Climbing north and slightly east of the Kremstal region, Kamptal has very little vineyard area bordering the Danube River (unlike Wachau and Kremstal, whose vineyards run along it). The region takes its name from the river called Kamp, which traverses it north and south. Kamptal’s densely planted vineyards represent eight percent of Austria’s total.

The area experiences wide diurnal temperature variations like the Wachau but with less rain and more frost. Its vast geologic diversity makes it suitable for various experimentations with other varieties besides Grüner Veltliner and Riesling such as Chardonnay, Pinot Blanc (Weisser Burgunder), Sauvignon Blanc, Pinot Noir, St. Laurent and Zweigelt.

But the region is probably most noted for the beautiful and expansive terraced Heiligenstein, arguably one of the world’s top Riesling sites, as well as some of Austria’s most extraordinary Grüner Veltliner vineyards. Kamptal’s soils, which are mostly loess and sand with some gravel and rocks, make it suitable for Grüner Veltliner, so much so that actually half of the zone is planted to that grape.

Gruner Veltliner

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Difficult to pronounce yet delightfully easy to drink, Grüner Veltliner is indigenous to Austria, where it has long maintained its status as the nation’s most important white grape. It became trendy among America’s wine elite in the mid-twenty first century, and has since proven itself to be more than just a fad, becoming a mainstay on the shelves of wine shops and the pages of restaurant wine lists for those who enjoy a crisp and refreshing yet serious white wine. Grüner Veltliner performs well in cool climates, and is gaining ground in chillier pockets of California and New York’s Finger Lakes.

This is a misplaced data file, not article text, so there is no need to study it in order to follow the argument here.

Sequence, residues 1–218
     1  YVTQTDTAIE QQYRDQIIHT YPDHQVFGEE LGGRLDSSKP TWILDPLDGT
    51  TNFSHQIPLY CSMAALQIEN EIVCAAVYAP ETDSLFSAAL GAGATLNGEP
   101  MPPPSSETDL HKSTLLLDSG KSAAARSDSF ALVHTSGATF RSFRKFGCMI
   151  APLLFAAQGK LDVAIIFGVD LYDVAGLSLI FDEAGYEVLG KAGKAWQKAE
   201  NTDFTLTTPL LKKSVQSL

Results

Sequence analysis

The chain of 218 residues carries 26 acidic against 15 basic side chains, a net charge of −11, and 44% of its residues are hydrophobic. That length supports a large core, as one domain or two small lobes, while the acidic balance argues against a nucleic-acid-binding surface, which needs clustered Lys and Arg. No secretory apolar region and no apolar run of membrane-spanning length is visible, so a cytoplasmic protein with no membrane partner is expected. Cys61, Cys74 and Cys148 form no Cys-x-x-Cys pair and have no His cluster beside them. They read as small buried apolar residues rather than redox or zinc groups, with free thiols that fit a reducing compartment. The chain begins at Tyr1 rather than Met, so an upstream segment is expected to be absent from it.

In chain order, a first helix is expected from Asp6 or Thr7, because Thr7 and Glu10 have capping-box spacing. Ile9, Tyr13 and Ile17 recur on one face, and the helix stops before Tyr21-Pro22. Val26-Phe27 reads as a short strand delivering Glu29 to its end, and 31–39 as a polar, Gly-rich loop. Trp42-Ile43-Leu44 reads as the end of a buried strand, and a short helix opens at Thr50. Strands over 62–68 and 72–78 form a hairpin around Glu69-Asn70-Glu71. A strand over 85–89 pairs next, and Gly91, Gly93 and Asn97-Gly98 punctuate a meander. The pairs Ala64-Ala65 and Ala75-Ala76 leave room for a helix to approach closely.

In the Glass

Crisp and refreshing with plenty of lively acidity, Grüner Veltliner is marked by telltale notes of white pepper and a slight vegetal quality reminiscent of green beans, as well as a streak of minerality. When less ripe, it leans toward the lemon/lime end of the fruit spectrum, while additional hangtime at harvest can lend notes of pink grapefruit and even stone fruit. A hint of spritz on the palate is not unusual.

Perfect Pairings

Grüner Veltliner is a wonderfully versatile wine—it can pair with just about any lighter fare, from seafood to poultry to complex salads. It even works with spicy foods, and can be a classic pairing with Asian dishes.

Sommelier Secret

When it comes to foods that are notoriously difficult to pair, Grüner Veltliner has been known to step in and save the day. The sulfur compounds naturally present in asparagus can imbue a wine with a highly unpleasant metallic taste, while artichokes’ cynarin compound typically cause the taste of a wine to turn unpalatably sweet. Grüner Veltliner not only manages to avoid these issues, but actually serves to complement these foods with its sharp, pungent, vegetal flavors.

SRKAHL217_2015 Item# 239218